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'Know that we believe you': Utah advocates, sex assault survivors honored

State Rep. Angela Romero, D-Salt Lake City, speaks during a press conference to kick off Sexual Assault Awareness Month at the Capitol in Salt Lake City on Wednesday.

State Rep. Angela Romero, D-Salt Lake City, speaks during a press conference to kick off Sexual Assault Awareness Month at the Capitol in Salt Lake City on Wednesday. (Jeffrey D. Allred, Deseret News)


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Estimated read time: 5-6 minutes

SALT LAKE CITY — Last year, 1,029 sexual assault kits were administered to Utah patients across 23 sexual assault nurse examiner programs — a number that likely represents just 10% of people who experienced sexual violence.

The grim statistic was read to an audience Wednesday on the state Capitol steps by Susan Chasson, the sexual assault nurse examiner program manager at the Utah Coalition Against Sexual Assault. Recognized on the first Wednesday of April, the national event "Start by Believing Day" kicked off Sexual Assault Awareness Month.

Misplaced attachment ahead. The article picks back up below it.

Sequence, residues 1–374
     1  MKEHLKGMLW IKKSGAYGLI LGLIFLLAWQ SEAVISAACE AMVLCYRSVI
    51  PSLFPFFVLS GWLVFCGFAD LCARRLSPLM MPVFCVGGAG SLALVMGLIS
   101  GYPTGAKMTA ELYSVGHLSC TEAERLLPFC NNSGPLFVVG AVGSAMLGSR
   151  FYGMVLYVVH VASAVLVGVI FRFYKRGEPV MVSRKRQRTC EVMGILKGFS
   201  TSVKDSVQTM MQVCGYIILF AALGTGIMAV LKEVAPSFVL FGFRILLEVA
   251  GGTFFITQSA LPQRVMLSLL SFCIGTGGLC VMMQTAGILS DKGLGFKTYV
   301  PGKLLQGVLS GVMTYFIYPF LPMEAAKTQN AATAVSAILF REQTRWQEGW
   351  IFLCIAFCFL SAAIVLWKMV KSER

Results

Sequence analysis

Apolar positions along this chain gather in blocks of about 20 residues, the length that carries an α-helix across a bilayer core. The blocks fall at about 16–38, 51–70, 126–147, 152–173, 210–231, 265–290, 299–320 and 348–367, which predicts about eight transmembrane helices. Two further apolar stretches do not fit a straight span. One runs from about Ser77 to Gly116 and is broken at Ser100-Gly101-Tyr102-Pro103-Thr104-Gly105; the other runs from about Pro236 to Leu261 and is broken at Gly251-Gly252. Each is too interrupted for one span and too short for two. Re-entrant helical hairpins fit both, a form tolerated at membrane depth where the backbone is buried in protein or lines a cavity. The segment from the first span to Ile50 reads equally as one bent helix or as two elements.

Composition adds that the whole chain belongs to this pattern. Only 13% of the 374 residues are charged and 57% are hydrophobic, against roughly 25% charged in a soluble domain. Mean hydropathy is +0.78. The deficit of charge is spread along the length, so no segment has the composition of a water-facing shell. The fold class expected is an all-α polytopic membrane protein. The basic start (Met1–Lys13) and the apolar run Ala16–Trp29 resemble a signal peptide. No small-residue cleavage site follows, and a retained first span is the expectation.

"We're working hard, through awareness events like this, to make sure that the examination numbers go up because we know the survivors are out there and they're just not getting the help that they need," Chasson said.

Utah's rates of sexual violence have remained consistently higher than the national average throughout the years. One in 3 women will experience some form of sexual violence during their lives, according to state data.

Rape is the only violent crime in which Utah ranks higher than the national average, with other violent crimes such as homicide or aggravated assault historically half to three times lower than the average.

Despite concerning statistics, some say bills surrounding child sexual abuse or sexual violence seemed to stall in the Utah Legislature in previous years. When HB286, a bill relating to child sexual abuse prevention training in public schools, passed the Legislature in 2014, sexual violence advocates say they began to see a shift.